As a flight instructor, Parsons “fell into aviation insurance”. Before 9/11, the regional airlines required budding pilots to fly at least 1,500 hours – Parsons, who was a flight instructor in northern Georgia at the time, had about 500 hours. He described the prospect of securing another 1,000 hours as a “long, rough road”.
But luck came when a friend told him about the aviation insurance industry that Parsons thought was “a nice mix of aviation and business”. His interest was sparked by the fact that many aviation insurers at the time owned small aircraft and hired pilots as underwriters who could operate the aircraft to visit brokers and customers on behalf of the aviation markets.
In 2000, Parsons resigned his job as a flight instructor and took his first position as an underwriter with United States Aviation Underwriters, a subsidiary of General Re Corporation, a Berkshire Hathaway company. Over the next 18 years, he built his career as an aviation underwriter and held a number of executive positions including Assistant Vice President and Assistant Branch Manager at AIG Aerospace Insurance Services, Inc. and Vice President and Senior Business Development Manager at Berkley Aviation.
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When WR Berkley left the US aviation market in 2018, Parsons moved to AssuredPartners Aerospace, Inc., where he specialized in aviation risk as a sales director and underwriter for aviation insurance. And then in July 2020, Breckenridge Insurance Services’ Aviation Risk Guru was hired as Senior Vice President, Senior Broker to create a book about aviation companies.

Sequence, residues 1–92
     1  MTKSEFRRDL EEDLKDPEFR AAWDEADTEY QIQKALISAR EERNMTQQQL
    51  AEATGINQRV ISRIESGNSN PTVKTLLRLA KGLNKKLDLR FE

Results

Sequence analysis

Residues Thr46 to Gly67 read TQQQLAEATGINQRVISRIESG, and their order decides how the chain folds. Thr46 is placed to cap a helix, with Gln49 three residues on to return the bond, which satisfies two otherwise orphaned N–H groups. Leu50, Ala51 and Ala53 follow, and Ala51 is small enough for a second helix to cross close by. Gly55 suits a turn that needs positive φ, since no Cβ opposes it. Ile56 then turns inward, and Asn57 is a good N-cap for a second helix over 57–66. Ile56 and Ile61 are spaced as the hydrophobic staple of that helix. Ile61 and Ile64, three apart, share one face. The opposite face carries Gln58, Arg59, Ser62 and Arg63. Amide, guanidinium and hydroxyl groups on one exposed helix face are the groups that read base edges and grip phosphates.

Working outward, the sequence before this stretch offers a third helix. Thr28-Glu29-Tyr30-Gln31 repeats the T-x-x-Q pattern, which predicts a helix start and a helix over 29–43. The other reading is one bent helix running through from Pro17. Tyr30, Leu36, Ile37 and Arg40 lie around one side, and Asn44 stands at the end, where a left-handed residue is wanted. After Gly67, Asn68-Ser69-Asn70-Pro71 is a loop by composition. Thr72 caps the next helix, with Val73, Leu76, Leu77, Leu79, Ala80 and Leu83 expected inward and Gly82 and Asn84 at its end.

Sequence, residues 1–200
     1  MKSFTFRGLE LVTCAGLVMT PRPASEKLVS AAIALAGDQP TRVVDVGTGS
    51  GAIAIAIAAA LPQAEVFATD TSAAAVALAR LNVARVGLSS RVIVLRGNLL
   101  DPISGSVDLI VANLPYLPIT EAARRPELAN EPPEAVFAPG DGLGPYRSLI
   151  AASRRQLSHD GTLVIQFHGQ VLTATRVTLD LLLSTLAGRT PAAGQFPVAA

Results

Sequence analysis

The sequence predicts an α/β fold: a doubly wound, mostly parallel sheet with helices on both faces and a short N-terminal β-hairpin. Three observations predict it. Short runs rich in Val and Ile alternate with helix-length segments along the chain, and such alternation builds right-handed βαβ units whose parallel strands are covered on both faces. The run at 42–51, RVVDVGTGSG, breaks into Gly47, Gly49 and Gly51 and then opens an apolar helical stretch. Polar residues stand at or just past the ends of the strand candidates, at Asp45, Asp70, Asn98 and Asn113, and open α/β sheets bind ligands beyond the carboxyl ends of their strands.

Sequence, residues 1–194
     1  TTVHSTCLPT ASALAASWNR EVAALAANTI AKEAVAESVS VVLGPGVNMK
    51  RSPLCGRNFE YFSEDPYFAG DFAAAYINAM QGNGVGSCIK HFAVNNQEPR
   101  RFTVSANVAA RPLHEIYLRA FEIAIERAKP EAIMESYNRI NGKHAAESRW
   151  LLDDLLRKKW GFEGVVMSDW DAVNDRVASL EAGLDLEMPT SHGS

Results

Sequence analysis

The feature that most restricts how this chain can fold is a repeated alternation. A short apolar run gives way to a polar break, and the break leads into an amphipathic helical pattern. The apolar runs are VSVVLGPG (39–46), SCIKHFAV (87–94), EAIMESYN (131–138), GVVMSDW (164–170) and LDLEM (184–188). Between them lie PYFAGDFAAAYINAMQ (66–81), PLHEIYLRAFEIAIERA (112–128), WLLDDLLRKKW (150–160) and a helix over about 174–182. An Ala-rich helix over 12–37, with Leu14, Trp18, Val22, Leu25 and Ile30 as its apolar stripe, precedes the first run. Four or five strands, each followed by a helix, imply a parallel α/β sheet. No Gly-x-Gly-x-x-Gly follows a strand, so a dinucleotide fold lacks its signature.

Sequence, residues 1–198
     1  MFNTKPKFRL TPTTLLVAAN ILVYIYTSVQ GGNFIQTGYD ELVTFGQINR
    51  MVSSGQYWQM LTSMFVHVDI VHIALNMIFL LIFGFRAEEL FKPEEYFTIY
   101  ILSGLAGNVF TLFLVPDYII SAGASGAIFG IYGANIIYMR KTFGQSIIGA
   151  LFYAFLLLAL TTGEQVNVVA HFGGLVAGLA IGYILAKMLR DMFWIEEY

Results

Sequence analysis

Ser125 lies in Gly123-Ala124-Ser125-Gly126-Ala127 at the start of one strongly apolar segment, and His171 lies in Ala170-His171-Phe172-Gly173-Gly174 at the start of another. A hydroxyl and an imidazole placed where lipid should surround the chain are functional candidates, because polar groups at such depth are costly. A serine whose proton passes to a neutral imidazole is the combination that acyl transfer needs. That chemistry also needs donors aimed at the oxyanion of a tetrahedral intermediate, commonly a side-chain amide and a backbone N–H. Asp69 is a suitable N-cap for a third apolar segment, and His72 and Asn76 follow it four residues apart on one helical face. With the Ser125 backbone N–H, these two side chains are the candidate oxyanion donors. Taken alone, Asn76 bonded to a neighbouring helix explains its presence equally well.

“I’ve been in the aviation insurance industry for 22 years. Additionally, I have served on the Georgia Business Aviation Association (GBAA) board of directors in Atlanta for over 12 years. My commitment to GBAA, as well as my many years of experience as an insurer, has enabled me to build a huge network of aviation insurance insurers and brokers in this market, ”said Parsons. “My experience and these relationships over the years definitely came to fruition when Breckenridge hired me to start their aerospace line of products. I was able to knock on the doors of companies and underwriters that I have known for years and get the appointments I needed to start awarding contracts. “
Some may have considered it an arduous struggle to launch a new line of aviation products a few months after a global pandemic (when planes were on the ground and people had to stay home) and a few years in a tough aviation insurance market – but Parsons accepted the challenge with the certainty that his extensive know-how and market relationships would enable him to get started.
The aviation insurance market is currently “correcting” after a 12-year soft market cycle from 2006 to 2018, according to Parsons. In recent years there have been some turbulent conditions with airlines having poor underwriting results due to insufficient rates, higher claims costs due to costly ones Liability regulations and increased repair costs as well as a higher frequency of wear damage. As a result, several insurers have left the aviation market, allowing the remaining insurers to reevaluate their pricing strategies and risk selection criteria.